Avalanches and rocket engines

© 2011 EPFL

© 2011 EPFL

Using lasers, EPFL scientists are dissecting the movements of fluids. The goal of the exercise: to obtain a better understanding of the internal dynamics of complex phenomena such as avalanches and torrential floods. Although these flows are clearly important for natural hazards experts, other unexpected applications can also benefit.

Mountainous areas like Switzerland are particularly prone to risks like avalanches and torrential floods. Officials responsible for public safety in these regions would love to have numerical models that would allow them to identify danger zones as specifically as possible. But before creating these models, we need to understand precisely what is going on in these phenomena. This is the job being tackled by a team from EPFL’s Environmenal Hydraulics Laboratory, led by Professor Christophe Ancey, with the help of funding from the Swiss National Science Foundation.

Avalanches and torrential floods are two examples of complex fluids; avalanches are composed of air and snow particles, and floods of water and rock particles. In both cases, the solid portion includes particles of many different sizes. In a flow situation, the fluid interacts with the particles in such a way that a single flow event can have both a fluid behavior and then a granular-type flow. This leads to the well-known but little understood and very unpredictable situation – the occurrence of successive start-stop phases in the flow.

Nightmarish fingers

The particles also interact with each other. These interactions modify the behavior of the flow. Sometimes the larger particles separate from the smaller ones and pile up on the edges, creating levees that channel the avalanche into one or more fingers. As a result, the flow doesn’t spread out, but continues much farther downslope, even onto less steep terrain that is not normally exposed to these kinds of risks – a nightmare for those responsible for land-use zoning.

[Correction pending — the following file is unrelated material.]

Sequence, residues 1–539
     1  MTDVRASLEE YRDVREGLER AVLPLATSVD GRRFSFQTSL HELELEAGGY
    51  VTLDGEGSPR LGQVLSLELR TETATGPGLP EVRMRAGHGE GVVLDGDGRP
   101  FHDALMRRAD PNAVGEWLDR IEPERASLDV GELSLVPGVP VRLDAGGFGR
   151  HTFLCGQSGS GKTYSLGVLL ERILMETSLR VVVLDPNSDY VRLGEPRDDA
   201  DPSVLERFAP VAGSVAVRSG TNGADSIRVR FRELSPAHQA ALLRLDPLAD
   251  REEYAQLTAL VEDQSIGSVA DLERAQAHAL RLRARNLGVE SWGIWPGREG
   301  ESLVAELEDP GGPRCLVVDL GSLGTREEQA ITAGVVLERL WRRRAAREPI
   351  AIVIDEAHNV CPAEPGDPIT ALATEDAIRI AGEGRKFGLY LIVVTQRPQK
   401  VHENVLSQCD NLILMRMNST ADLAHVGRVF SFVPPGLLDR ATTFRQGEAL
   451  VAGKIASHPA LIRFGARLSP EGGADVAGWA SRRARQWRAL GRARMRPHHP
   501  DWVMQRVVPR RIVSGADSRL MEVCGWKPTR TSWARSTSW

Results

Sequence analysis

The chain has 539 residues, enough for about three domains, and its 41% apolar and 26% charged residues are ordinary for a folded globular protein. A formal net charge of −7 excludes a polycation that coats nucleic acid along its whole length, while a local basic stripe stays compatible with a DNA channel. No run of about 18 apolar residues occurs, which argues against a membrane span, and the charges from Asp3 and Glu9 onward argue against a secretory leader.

Confronted with the complexity of the phenomenon, Professor Ancey chose the salami tactic: he cut the problem down in to several, smaller ones. In the photo, his team is conducting a dam-bursting experiment. At the summit of an inclined channel, a sluice gate retains a mass of fluid and particles. When the gate opens, the fluid flows down the slope. Using an optical system, a laser illuminates the flow along a plane. With the help of cameras, engineers can follow particle trajectories. In the case illustrated, they are interested in what is occurring at the leading edge of the flow.

The equation of an avalanche

As his work progresses, Ancey is planning to conduct more and more complex experiments in the hope of one day discovering an “equation” for an avalanche. But he quickly adds that understanding these phenomena isn’t just important for natural hazards specialists. The avalanche specialist has also had meetings with industry, including a food company and a rocket engine manufacturer, two sectors in which granulometric phenomena can affect product quality, performance, and safety.